Sterling was steady at 1.100 against the euro and 1.299 against the US dollar as markets await key updates on the UK economy.
Inflation as measured by Consumer Prices Inflation (CPI) hit 2.9 per cent in May, before falling back to 2.6 per cent in June.
If it has jumped back up in July, an base rate rise from the Bank of England may come sooner rather than later, as raising rates helps to keep the cost of living in check.
Policymakers try to keep inflation running at around two per cent.
Employment figures later this week – particulary wage rises – will give another insight into the economy and signal when the Bank of England will raise rates.
If it looks more likely that policymakers will raise rates, the pound is likely to strengthen against the euro and the US dollar.
In August policymakers kept the base rate on hold at 0.25 per cent and downgraded expected economy growth in 2017.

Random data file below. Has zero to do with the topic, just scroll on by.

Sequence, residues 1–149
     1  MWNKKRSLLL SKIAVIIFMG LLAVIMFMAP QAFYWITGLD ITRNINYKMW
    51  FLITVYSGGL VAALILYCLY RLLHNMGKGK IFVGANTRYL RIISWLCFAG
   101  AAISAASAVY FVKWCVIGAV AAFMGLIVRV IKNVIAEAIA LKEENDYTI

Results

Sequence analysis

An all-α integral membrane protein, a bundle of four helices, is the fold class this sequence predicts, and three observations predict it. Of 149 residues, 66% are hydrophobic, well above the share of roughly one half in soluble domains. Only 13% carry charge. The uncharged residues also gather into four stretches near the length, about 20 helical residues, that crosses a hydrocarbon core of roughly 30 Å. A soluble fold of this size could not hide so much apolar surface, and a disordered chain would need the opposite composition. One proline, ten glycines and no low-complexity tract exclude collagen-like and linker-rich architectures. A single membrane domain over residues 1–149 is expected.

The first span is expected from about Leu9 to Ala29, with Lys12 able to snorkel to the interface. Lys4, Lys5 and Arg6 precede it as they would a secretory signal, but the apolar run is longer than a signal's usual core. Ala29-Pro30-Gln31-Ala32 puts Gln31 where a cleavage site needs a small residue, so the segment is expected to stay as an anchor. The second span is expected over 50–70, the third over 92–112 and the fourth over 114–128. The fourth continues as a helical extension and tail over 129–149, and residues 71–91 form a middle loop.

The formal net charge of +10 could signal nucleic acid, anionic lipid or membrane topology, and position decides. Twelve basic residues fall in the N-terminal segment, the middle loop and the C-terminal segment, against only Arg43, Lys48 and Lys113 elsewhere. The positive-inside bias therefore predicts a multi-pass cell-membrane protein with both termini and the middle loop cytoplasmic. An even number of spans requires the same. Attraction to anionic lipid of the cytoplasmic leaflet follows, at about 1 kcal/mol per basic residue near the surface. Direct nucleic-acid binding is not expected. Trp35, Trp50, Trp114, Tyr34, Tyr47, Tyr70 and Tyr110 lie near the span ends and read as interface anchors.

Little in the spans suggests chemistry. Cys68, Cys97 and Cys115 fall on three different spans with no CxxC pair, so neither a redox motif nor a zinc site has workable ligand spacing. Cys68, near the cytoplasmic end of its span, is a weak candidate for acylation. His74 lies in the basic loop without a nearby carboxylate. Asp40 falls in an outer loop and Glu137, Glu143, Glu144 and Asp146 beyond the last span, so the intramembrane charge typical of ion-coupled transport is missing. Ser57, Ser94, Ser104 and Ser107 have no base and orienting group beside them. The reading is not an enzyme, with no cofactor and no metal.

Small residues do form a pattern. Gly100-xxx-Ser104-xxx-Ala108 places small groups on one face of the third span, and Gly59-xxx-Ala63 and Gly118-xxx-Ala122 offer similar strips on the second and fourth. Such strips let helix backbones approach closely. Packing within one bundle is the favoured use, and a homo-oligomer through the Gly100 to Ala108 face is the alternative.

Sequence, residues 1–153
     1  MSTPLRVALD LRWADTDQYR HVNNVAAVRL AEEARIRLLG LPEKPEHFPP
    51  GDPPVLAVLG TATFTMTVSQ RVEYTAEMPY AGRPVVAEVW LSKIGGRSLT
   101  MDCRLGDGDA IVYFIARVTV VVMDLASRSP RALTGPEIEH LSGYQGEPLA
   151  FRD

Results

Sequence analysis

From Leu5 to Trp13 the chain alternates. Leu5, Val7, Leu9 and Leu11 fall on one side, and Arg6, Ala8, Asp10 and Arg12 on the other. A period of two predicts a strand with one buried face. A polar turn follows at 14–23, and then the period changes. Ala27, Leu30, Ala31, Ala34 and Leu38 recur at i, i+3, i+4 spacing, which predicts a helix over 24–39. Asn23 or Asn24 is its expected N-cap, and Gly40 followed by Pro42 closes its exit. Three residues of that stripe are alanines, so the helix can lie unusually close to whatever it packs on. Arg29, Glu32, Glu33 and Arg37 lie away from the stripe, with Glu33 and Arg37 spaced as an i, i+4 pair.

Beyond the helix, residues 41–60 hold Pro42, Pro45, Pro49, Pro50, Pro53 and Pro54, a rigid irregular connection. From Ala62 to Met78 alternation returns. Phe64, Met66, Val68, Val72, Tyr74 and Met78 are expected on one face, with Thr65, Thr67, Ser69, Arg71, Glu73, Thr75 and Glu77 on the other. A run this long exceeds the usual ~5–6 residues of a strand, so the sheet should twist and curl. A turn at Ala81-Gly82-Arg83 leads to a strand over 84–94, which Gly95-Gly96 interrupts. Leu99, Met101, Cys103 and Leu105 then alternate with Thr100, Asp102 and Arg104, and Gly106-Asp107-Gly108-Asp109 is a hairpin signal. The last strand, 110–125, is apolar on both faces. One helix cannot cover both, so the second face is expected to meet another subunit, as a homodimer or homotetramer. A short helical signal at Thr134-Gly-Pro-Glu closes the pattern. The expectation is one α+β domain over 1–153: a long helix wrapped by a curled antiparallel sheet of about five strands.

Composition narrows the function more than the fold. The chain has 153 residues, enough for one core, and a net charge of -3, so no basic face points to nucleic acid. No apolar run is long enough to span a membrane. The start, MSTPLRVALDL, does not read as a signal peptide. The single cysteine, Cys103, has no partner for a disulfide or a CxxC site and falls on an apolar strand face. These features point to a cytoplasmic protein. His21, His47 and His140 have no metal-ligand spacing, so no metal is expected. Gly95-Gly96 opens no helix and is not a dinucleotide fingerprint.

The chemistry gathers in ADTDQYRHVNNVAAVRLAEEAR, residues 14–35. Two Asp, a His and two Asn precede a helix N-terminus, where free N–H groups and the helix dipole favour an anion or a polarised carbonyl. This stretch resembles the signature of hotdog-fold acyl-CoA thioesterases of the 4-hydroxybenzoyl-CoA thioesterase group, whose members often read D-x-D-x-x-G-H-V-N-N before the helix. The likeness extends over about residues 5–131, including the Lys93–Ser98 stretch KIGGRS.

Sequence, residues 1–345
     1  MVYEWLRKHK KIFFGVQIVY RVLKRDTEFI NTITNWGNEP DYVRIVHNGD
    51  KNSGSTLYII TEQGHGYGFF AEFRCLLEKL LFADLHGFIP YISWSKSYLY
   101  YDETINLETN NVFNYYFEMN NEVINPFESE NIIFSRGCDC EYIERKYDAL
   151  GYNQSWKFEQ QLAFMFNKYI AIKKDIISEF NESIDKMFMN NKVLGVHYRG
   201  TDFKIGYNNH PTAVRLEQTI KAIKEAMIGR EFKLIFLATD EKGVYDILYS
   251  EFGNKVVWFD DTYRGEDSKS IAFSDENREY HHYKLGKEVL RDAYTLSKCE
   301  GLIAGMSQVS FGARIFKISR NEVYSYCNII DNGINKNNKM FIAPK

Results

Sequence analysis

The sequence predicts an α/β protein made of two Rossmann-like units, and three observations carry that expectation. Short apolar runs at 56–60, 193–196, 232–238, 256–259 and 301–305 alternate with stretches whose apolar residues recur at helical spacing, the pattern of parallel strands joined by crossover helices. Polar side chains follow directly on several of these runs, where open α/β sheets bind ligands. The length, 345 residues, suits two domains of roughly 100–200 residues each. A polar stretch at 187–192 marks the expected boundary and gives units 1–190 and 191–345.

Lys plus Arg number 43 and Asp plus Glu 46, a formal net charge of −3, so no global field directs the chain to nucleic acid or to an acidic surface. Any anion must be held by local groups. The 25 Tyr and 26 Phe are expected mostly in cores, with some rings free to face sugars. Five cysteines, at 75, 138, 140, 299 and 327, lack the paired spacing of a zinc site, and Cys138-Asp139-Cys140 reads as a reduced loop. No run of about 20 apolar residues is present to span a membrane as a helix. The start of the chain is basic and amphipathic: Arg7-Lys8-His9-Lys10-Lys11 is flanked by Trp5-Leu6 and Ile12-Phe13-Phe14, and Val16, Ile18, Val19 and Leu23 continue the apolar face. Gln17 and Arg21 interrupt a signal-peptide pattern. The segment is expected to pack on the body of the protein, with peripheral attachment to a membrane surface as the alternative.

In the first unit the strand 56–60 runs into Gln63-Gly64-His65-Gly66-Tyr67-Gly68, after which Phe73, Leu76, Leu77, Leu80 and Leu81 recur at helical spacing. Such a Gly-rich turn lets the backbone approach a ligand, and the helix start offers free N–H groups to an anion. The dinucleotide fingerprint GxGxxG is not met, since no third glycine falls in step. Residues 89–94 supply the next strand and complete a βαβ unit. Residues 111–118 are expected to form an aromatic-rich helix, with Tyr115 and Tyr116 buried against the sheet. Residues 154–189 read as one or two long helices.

Governor Mark Carney forecast that interest rates will rise in 2018 and the pound weakened after the update.
Sterling will likely strengthen if there are signs that monetary policies could tigheten sooner rather than later.
Tensions between North Korea and US president Donald Trump have also calmed, allowing traders to focus on economy data.
But experts warned the threat of nuclear war could rock markets if the two sides again become agitated.
Craig Erlam, senior market analyst at Oanda, said: “The war of words between the two countries weighed heavily on risk appetite for much of last week and despite today’s bounce, it will continue to pose a threat in the days ahead.
“What we’re seeing today is relief at the situation not deteriorating over the weekend, something traders were clearly wary of towards the end of last week.
Still, given the unpredictability of those involved, traders are likely to remain on edge and I don’t think it will take much for the safe haven rush to resume.
“In the meantime, we’re seeing a small unwinding of those risk aversion trades, with Gold trading slightly lower and the yen and Swiss franc off against the dollar, pound and euro.”
More to follow…